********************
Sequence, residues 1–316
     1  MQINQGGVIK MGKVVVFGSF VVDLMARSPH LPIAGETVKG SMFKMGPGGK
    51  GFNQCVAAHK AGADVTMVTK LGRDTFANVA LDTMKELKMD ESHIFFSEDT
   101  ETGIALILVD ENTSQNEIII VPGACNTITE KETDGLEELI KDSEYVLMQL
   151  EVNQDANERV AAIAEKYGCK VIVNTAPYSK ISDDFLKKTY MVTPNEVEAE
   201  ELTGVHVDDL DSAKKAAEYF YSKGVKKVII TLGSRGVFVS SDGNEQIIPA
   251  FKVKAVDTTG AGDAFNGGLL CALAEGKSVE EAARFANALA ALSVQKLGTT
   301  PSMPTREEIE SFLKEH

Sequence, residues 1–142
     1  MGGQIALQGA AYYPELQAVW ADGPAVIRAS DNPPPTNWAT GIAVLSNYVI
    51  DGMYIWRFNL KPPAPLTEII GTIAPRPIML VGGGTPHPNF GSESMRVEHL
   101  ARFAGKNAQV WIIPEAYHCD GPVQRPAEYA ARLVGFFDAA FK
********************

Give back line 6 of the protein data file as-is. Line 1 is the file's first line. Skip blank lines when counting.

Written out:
   201  ELTGVHVDDL DSAKKAAEYF YSKGVKKVII TLGSRGVFVS SDGNEQIIPA